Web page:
In a child custody hearing, the court will usually make various decisions that can affect the child’s upbringing. These decisions can include issues such as the type of custody (joint, split, etc.), child visitation schedules, child support, and other issues. In most cases, the court will collaborate with the parent of the child to reach conclusions. They will usually hear input from the parent and may often base their decision on the parent’s requests or suggestions.

However, in some cases, the child is also allowed make custody decisions during a court proceeding. The child’s wishes in a custody dispute may be considered if:

  • The child is capable of making informed legal decisions
  • The child is of a certain age (this may vary by jurisdiction)
  • There is a statute in place that allows children to make such decisions

This type of arrangement is often allowed only under special circumstances, such as when one parent is deemed unfit for guardianship of the child. Sometimes these conditions may be fulfilled later on when the child gets older, in which case the child might be able to help modify an existing custody order.

Can the Court Disregard a Minor’s Preferences?

On the other hand, the court can sometimes disregard the preferences of the child or children when formulating a child custody order. The most common reason is if the child is not old enough to make legal decisions. Or, if the child has a medical or psychiatric condition that affects their decision-making capacity, the court may often base their decisions on factors other than the child’s preferences and wishes.

What Is the "Child’s Best Interest Standard"?

In any child custody, visitation, or support hearing, the court will always make their decisions based on the child’s best interest standards. This means that the court will only make decisions that serve to benefit the child in terms of their physical, mental, emotional, social, and academic upbringing. Even the parent’s wishes can sometimes be disregarded if their desires don’t conform to the child’s best interest standard.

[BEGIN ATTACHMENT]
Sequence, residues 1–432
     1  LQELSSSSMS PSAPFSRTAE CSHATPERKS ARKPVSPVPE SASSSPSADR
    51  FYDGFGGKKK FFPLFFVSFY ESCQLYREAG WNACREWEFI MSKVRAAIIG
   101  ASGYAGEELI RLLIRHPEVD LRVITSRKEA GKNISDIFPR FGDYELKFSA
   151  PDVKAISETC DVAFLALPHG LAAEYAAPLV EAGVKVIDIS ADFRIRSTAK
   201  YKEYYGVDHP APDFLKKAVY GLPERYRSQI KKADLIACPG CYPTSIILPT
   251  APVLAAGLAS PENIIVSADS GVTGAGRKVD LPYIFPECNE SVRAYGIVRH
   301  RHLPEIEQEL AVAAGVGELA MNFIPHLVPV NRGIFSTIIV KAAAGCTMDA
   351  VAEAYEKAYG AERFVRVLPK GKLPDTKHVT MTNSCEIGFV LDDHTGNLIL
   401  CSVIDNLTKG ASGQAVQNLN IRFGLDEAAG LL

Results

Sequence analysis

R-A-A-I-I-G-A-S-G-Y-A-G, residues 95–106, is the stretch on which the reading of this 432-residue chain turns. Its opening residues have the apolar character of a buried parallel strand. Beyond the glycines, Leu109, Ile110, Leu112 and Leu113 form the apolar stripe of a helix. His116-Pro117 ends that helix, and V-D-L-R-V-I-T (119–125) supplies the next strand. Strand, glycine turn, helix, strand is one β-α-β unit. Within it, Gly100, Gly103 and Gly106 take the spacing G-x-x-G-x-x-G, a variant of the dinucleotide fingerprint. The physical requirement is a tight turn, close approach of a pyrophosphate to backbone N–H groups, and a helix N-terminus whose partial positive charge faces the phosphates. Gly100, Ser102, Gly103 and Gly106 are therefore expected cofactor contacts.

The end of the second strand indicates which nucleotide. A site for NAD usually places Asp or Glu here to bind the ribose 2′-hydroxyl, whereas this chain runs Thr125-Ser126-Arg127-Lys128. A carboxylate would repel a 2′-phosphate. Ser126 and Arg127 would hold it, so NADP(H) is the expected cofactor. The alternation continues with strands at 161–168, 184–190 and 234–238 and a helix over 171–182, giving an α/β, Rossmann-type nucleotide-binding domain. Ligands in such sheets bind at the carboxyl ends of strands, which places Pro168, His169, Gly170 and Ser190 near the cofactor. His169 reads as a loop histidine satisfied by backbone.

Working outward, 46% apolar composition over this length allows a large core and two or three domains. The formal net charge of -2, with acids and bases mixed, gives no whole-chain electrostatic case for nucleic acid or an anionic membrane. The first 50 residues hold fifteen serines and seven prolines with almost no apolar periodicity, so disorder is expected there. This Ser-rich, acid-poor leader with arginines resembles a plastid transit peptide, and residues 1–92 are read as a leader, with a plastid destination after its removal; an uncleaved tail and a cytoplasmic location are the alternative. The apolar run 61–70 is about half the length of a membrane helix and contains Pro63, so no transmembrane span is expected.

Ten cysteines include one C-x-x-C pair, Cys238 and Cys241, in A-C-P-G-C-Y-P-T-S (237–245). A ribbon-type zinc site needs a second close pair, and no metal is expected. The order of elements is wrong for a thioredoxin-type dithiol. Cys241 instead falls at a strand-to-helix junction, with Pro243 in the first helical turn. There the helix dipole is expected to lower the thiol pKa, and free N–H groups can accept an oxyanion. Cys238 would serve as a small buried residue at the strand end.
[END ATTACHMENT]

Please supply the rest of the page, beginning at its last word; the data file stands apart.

This means that even if the child is capable of making their own decisions with regards to child custody, the court will still need to weigh their preferences against the best interests standard. For example, the court will not place the child with a parent that they have requested if that parent is deemed morally unfit, abusive, or has a history of substance abuse.

Do I Need a Lawyer for Help with Child Custody Issues?

Child custody hearings generally require the assistance of a qualified family law attorney. You may wish to hire a child custody lawyer in your area if you have any questions about child custody or if you need a lawyer to represent you in court. Your attorney can provide you with legal advice to help you with your case, and can also keep you updated regarding any changes to the child custody laws in your area. You may consider reading this article How much a child custody lawyer cost